I would recommend any of the Harry Bosch series to my friends. Harry is not a likeable guy but you end up liking him.
I so wanted to know who was doing all the kills but I had a hunch. Of course, I was wrong.
I like him
Absolutely worth my time. I got to understand Harry better after knowing where he came from.
I like Jack Reacher style characters regardless of setting. Put them in outer space, in modern America, in a military setting, on an alien planet... no worries. Book has non moralistic vigilante-justice? Sign me up! (oh, I read urban fantasy, soft and hard sci-fi, trashy vampire and zombie novels too)
Well, I'm very glad I continued with this series. This book is much much better than the first one. There are no silly politics, and very little complaining about the past... Harry just does what he needs to do, even though it is clear he is carrying a lot of baggage around with him.
The characters' behaviors make sense. The plot makes sense. Harry makes sense. All in all a very satisfying police procedural (even though some of the procedures might be outside the lines). And I'm definitely on to the next in the series.
The narration is very good, and sounds just like what you'd expect Harry to sound like. The story has some references to events in the earlier book, but stands completely alone and is wrapped up nicely in the end so you're not left hanging.
I am a woman. Over the years I have come to realize that as a woman, my tastes in fiction *really are* different from men's. The male cliche I am complaining about in this case is the constant put-downs that are so prevalent in modern crime fiction. It is as if many male writers of crime fiction feel that they have to constantly put others down (presumably to prop themselves up).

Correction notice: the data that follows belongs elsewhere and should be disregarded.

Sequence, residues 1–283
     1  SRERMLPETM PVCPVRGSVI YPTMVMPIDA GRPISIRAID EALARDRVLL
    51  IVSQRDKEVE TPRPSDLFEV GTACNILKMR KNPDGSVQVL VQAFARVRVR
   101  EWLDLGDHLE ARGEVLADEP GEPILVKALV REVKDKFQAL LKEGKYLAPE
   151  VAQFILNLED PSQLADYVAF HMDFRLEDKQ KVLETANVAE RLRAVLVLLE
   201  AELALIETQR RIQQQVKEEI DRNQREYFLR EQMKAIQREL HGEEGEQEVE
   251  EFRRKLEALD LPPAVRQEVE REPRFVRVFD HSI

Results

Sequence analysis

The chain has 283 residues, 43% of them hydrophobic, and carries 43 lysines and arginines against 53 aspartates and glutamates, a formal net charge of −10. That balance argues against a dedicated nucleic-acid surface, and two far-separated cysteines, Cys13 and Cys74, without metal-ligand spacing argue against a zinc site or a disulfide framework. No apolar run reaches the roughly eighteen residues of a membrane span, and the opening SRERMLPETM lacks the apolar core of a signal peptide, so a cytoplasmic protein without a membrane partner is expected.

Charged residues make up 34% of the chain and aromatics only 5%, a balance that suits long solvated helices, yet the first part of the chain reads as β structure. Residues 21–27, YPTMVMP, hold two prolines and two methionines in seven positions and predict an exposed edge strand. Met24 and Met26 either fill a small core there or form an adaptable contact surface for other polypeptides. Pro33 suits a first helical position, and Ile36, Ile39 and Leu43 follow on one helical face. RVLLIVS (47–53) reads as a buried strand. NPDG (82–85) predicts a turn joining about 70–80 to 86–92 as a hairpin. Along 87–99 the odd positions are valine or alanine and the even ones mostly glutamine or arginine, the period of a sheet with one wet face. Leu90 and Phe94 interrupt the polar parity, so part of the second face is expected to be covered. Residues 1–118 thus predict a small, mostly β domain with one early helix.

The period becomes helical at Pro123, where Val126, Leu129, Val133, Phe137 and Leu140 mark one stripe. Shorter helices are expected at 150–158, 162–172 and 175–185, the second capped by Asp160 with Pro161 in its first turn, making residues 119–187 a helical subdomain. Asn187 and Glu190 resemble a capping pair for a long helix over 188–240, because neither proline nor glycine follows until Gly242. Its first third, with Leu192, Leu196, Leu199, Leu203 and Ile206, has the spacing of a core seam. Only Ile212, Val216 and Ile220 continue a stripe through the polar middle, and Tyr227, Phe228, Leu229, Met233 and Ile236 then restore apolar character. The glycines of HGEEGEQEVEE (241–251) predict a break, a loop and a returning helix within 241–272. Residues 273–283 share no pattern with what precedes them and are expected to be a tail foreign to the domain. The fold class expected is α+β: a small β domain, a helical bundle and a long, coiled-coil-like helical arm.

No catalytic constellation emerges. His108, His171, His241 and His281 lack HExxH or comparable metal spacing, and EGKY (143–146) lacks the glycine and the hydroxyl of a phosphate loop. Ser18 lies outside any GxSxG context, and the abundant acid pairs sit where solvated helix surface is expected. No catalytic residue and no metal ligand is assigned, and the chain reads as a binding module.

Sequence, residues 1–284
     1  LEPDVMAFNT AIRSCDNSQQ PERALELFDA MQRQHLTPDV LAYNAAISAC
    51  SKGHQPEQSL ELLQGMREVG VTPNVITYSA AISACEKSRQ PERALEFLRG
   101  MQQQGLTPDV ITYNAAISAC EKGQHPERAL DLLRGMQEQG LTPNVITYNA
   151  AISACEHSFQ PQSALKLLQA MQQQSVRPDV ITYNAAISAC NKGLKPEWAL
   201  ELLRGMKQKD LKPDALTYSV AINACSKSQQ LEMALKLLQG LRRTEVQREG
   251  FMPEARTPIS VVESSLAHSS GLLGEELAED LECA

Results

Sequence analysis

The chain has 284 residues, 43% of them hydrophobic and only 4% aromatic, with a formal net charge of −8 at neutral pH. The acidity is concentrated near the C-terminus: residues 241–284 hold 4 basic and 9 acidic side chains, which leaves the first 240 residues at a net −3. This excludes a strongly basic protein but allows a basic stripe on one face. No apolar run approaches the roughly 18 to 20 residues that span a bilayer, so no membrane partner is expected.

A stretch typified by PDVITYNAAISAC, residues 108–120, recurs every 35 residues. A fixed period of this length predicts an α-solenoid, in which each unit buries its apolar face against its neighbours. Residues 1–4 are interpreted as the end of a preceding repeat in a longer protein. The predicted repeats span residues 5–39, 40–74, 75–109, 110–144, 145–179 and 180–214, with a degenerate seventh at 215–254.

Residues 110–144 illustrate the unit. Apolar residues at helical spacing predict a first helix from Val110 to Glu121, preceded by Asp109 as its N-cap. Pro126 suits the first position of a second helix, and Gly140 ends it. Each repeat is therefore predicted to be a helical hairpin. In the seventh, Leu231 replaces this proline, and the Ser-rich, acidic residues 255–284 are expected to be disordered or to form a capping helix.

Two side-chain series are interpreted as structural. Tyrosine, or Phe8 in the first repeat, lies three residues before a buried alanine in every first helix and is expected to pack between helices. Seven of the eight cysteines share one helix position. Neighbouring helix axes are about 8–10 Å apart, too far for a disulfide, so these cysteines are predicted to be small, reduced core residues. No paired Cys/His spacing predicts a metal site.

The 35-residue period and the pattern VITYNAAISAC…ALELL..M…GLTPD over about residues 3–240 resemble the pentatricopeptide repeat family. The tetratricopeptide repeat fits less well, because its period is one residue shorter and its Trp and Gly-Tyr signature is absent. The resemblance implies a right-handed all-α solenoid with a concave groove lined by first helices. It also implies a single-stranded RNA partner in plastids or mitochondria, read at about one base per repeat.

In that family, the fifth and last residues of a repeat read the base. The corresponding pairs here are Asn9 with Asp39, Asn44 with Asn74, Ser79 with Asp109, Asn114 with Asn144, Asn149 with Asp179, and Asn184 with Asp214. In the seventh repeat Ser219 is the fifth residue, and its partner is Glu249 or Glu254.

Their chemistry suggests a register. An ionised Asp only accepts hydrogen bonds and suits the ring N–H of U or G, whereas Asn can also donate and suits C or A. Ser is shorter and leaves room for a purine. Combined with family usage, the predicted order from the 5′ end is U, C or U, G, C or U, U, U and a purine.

I liked this book enough that I am downloading the next one at this very moment, but in both this book and the previous one in the series, there is not a single character--other than the protagonist--who is not either stupid or in some way less than admirable. He goes on and on about how stupidly Bosch's bosses on the force act. I kept wondering how so many stupid people could get promoted to such high positions. Don't they have to pass some kind of a test? But there are many other ways to crash and burn in this book: One cop is too pitiless. One likes to brag about how he got his scar. One is a coward and a drunk. Way too many people are willing to do the wrong thing if it will advance their careers. Bosch simply doesn't like others. There was actually one woman in this story that comes off more or less unsullied, but I could feel Connelly questing for a way to put her down. I have no doubt that if she is mentioned in any future book, she will be found to have some major flaw.
I'm not saying Connelly is a bad writer. In fact, although I've only read two of his books so far, I think he is probably a very good writer. But he seems (so far) to be a very *male* writer. So you women out there, if you prefer even your crime fiction to have people who are admirable try someone else. Try Laurie R. King, Dorothy Sayers, Mary Stewart, Ellis Peters.
A few must reads: Mr. Mercedes, Narrows Gate, Cop Town, Bomb Proof, Wayfaring Stranger, The Son (Nesbo), Dept Q series...
I've read and/or listened to all of Connely's work. Until the recent influx of Northern European authors, he was easily my favorite novelist. It dawned on me that I could not remember all of the earlier Bosch novels so I picked up Black Ice through the Whisper Sync phenomenon that allows you to purchase the audible version so cheaply.